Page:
You want violence? I’ll give you some violence. I’ll give you Bullet to the Head. That will give you enough violence to last a year.
It is filled with cold-blooded murders, knifings, and brutal fights.
There is so much violence that I frankly never saw any plot. Sylvester Stallone plays Jimmy Bobo, a hitman who teams up with a cop, Taylor Kwon (Sung Kang), as they both try to revenge the murders of their respective partners. As plots go, that’s not much, but I guess it’s enough excuse for violent mayhem.
Not surprisingly Alessandro Camon’s script is based on a graphic novel, Du Plomb Dans La Téte. Graphic novels probably wouldn’t exist without violence. However, Walter Hill directs this with admirable pace and humor. Hill is no stranger to a witty, cop-criminal film, having directed the classic 48 Hrs. (1982) starring Nick Nolte and Eddie Murphy early in his career.
Shot in and around New Orleans, the atmospheric locations are part of what sets this movie a little above the normal action film.
Stallone still mumbles the lines, but his timing is pretty good and the jokes are well done. Violent as the film is, the special effects are impressive. Along those lines, the choreography of an ax fight near the end of the film between Bobo and Keegan (Jason Momoa) is exceptional by stunt coordinators JJ Perry and Noon Orsatti. The film is full of stunts and their quality is what sets this film apart from others in the genre. In fact, Perry says, “I jumped at the opportunity to work with Walter Hill because he is one of my heroes. It was he – and directors like him in the ‘80s – who pushed the action wave that stunt men like me are still riding. We’re all indebted to him.”
The film contains a fine cast. In addition to Momoa, who is frightening as the brutal killer, it includes Adewale Akinnuoye-Agbaje, who plays the ruthless crime boss Robert Nkomo Morel, and Christian Slater, who plays Baptiste, a shady lawyer.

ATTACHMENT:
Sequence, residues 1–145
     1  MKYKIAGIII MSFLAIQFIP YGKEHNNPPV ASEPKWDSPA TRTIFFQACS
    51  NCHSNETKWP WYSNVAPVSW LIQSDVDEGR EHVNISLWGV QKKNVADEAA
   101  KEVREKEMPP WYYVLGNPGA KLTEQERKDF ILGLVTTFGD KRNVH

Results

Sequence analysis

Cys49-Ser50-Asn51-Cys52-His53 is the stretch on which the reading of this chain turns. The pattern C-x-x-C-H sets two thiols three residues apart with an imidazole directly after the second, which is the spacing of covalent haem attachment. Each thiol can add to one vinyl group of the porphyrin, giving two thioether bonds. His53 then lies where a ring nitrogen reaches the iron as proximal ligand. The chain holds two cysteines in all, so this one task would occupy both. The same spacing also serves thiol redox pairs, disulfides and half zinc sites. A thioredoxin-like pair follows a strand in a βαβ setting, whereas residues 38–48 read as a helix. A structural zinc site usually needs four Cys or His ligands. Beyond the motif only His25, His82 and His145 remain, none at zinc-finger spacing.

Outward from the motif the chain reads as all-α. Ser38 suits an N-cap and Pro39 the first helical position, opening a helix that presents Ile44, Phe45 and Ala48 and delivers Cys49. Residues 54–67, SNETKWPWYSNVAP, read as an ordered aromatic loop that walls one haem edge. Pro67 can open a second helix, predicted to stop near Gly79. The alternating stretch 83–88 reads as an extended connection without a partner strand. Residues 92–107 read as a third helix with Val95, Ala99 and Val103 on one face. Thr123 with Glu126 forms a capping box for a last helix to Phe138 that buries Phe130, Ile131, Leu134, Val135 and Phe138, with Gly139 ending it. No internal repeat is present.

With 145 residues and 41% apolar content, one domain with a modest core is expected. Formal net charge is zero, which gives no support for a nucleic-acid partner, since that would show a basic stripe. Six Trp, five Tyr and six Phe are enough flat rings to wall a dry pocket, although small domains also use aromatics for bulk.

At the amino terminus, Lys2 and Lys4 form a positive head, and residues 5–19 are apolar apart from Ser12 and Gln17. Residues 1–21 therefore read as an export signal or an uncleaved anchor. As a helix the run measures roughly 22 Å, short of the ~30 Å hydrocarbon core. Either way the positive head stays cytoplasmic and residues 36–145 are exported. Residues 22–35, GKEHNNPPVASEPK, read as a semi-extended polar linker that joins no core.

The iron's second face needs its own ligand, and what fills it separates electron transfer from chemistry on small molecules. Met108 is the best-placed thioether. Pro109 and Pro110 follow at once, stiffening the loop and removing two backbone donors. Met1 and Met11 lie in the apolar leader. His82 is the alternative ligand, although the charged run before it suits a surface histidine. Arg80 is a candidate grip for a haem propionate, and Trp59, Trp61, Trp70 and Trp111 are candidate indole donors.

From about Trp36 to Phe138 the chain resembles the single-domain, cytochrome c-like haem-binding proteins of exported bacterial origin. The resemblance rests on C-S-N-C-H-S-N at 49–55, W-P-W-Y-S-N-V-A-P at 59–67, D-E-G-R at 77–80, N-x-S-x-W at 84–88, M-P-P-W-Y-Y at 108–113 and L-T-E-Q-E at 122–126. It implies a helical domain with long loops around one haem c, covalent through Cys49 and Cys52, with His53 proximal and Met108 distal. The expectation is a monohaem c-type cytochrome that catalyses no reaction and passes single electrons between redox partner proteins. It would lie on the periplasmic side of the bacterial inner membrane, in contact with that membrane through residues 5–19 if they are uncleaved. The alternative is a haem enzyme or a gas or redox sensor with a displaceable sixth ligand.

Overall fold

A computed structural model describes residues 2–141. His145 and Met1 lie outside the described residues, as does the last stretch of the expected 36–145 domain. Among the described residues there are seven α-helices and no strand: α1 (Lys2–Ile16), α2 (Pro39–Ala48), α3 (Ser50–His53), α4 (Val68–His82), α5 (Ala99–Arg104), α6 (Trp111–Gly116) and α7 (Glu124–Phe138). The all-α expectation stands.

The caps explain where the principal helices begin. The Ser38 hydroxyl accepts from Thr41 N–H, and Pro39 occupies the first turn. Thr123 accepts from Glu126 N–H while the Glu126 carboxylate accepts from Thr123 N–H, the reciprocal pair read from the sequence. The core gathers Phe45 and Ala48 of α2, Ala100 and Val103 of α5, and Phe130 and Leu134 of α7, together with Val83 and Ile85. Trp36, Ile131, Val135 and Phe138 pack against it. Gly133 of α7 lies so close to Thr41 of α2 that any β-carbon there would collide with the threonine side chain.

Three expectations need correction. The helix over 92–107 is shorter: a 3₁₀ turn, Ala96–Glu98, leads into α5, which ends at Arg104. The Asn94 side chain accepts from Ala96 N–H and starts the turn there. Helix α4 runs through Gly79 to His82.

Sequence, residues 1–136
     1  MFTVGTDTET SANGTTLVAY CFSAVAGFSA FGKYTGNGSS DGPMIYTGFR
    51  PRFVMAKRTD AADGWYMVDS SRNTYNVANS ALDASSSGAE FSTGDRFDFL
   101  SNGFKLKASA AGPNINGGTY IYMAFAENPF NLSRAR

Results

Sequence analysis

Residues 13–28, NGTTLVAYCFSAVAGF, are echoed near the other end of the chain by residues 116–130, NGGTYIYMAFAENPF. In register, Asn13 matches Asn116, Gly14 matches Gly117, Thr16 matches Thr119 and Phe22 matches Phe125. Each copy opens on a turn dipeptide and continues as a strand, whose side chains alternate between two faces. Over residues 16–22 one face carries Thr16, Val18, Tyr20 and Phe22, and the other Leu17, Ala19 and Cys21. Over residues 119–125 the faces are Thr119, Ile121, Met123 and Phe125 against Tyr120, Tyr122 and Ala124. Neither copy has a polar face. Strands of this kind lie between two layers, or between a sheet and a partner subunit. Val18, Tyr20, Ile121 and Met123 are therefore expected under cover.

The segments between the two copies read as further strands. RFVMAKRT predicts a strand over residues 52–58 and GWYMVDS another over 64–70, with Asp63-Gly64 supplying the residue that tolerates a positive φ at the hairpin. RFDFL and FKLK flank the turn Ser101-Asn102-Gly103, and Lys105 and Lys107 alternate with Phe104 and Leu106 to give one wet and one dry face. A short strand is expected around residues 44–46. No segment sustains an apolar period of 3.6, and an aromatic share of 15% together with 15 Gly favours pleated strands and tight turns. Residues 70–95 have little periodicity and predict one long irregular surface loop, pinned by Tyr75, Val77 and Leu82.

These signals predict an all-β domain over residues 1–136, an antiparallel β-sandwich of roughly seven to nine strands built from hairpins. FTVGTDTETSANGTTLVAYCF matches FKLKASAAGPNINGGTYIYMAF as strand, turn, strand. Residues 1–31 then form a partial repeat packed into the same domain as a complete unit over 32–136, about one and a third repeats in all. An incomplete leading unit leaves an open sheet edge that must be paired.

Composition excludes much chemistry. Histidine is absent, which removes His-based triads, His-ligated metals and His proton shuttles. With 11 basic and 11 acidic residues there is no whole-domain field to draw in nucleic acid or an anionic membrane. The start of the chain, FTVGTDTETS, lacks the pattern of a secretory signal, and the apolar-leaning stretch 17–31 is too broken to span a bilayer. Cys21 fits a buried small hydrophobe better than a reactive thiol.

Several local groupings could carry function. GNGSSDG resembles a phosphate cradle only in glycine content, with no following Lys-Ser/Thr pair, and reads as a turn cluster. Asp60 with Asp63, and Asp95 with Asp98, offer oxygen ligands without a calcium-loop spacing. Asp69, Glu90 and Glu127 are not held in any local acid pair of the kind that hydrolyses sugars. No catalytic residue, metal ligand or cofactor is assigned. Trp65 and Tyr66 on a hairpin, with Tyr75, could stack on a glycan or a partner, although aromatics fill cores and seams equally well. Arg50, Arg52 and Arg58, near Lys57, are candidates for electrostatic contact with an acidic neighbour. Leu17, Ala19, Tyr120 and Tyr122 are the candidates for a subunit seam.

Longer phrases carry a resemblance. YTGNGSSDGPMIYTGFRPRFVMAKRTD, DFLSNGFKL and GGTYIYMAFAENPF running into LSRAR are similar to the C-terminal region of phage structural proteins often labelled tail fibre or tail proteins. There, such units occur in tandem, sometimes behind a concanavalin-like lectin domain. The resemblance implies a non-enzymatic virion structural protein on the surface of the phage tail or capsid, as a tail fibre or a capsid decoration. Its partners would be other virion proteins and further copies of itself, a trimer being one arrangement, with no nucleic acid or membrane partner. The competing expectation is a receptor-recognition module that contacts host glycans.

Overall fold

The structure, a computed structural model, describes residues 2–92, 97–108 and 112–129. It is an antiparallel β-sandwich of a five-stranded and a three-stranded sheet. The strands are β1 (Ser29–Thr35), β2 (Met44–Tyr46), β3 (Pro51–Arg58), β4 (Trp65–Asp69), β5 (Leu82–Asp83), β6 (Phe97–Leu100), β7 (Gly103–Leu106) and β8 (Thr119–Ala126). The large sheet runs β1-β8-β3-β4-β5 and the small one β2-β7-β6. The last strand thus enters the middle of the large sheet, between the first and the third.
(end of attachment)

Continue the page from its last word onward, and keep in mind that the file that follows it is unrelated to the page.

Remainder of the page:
Even though the film is entertaining, there is far too much violence. Films this violent are destructive to society. As I’ve said many times in the past, when films show such graphic displays of violence with little physical or emotional consequence to the protagonists, it desensitizes the audience. Movies like this must bear their fair share of the blame for violent acts that occur in our society.
“Not for children?” Not for anyone. It’s bad enough to watch Al Pacino lumber through yet another role overacting every second. But to watch him do it with such a deficient script (Noah Haidle) and lackluster directing (Fisher Stevens) is agony no moviegoer should be required to endure.
The first hour is apparently a feeble attempt at a set up for the final half-hour. It consists of lifeless dialogue between Pacino and Christopher Walken, including a continuous Viagra joke that is old and unfunny. While Pacino overacts outrageously (what else is new?) Walken appears as if he has just been awakened so he could say his lines before he falls asleep again. It’s probably hard for Pacino to get work these days, but Walken is a lot better than this.
The only time the movie picks up is when Alan Arkin appears near the end of the film. He breathes a little life into the stale script, but it’s too little too late.
I didn’t see this in a critics’ screening. Rather, I was invited to a promotional screening sponsored by a radio station. Amazingly, the audience applauded when it ended. I can’t believe that anybody could have been entertained by this film, although there were occasional spurts of laughter throughout, and can only assume that the audience was applauding that it had, in fact, finally ended.